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Hip Dysplasia-Adolescent Treatment

Hip Dysplasia-Adolescent


Treatment for adolescent hip dysplasia focuses on delaying or preventing the onset of osteoarthritis while preserving the natural hip joint for as long as possible.

Nonsurgical Treatment

Mr Slattery may recommend nonsurgical treatment if there is mild hip dysplasia and no damage to the labrum or articular cartilage. Nonsurgical treatment may also be tried initially for patients who have such extensive joint damage that the only surgical option would be a total hip replacement.

Common nonsurgical treatments for adolescent hip dysplasia include:


If your child has minimal symptoms and mild dysplasia, simply monitoring the condition to make sure it does not get worse may be an option.


Specific exercises can improve the range of motion in the hip and strengthen the muscles that support the joint. This can relieve some stress on the injured labrum or cartilage.

Lifestyle modification

Avoiding the activities that cause the pain and discomfort may give may give releif. For a child who is overweight, losing weight will also help to reduce pressure on the hip joint.


Nonsteroidal anti-inflammatory drugs (NSAIDs), such as ibuprofen and naproxen, can help relieve pain and reduce swelling in an arthritic joint. In addition, cortisone is an anti-inflammatory agent that can be injected directly into a joint.

Surgical Treatment

Mr Slattery may recommend surgery if your child is experiencing pain and has limited damage to his or her articular cartilage. The surgical procedure most commonly used to treat hip dysplasia is an “osteotomy”. Osteotomy literally means “cutting of the bone.” In an osteotomy, Mr Slattery reshapes and reorients the acetabulum and/or femur so that the two joint surfaces are in a more normal anatomic position.

Periacetabular osteotomy (PAO)

Currently, the osteotomy procedure used to treat adolescent hip dysplasia is a periacetabular osteotomy (PAO). “Periacetabular” means “around the acetabulum.”  This is a highly specialised procedure which is done by select surgeons worldwide after extensive training.  It was pioneered in Switzerland, where Mr Slattery has undertaken fellowship training to learn the intricacies of this procedure.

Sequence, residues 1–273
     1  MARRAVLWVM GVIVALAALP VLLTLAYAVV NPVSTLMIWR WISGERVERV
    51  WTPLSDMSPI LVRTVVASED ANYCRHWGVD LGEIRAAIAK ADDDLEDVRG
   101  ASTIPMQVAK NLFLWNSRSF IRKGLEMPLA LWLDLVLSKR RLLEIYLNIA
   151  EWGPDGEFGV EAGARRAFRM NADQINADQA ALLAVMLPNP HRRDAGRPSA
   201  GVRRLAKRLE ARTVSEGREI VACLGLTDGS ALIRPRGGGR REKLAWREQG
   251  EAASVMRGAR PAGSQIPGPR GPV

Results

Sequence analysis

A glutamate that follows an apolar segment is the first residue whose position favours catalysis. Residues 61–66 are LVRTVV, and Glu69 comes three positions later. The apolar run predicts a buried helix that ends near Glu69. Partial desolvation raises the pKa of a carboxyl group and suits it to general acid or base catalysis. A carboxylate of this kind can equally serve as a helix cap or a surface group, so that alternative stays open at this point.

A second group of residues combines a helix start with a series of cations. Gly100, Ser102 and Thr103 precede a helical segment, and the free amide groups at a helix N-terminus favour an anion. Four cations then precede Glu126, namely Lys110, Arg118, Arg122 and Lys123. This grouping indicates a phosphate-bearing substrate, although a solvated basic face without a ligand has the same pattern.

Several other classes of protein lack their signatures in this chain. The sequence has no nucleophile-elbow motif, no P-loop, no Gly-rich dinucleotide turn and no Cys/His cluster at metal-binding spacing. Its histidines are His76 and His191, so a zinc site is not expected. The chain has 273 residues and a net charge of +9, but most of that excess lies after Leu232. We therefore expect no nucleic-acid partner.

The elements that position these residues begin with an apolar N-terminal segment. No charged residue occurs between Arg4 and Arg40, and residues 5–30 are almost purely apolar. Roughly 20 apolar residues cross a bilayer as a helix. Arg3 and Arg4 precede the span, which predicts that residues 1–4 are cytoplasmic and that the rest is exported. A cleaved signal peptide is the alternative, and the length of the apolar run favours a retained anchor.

In most cases, PAO takes 2-3 hours to perform. During the surgery, cuts in the pelvic bone around the hip joint  are made to loosen the acetabulum.  It is then rotated, to re-orient the hip socket into a more normal anatomic position over the femoral head. Small screws are used to hold it in place until it heals.

More information about PAO here

(A) In a periacetabular osteotomy, four cuts are made in the pelvic bone. (B) The bone fragments are manipulated to deepen the socket.


This can be utilised in select cases to treat developmental dysplasia, however, it also has the potential to destabilise the hip joint and worsen symptoms.  It does not alter the underlying shape of the bone which is of key importance to the long term success of surgery.


Periacetabular osteotomy has been shown in many studies to be successful in delaying the need for an artificial hip joint, relieving pain and increasing function. Whether or not a total hip replacement will be needed in the future depends on a number of factors, including the age of the patient and the degree of osteoarthritis that was present in the joint when the PAO was performed.

periacetabular osteotomy xray
In this X-ray image, the acetabulum has been repositioned using a periacetabular osteotomy, and the bones are held in place with screws.
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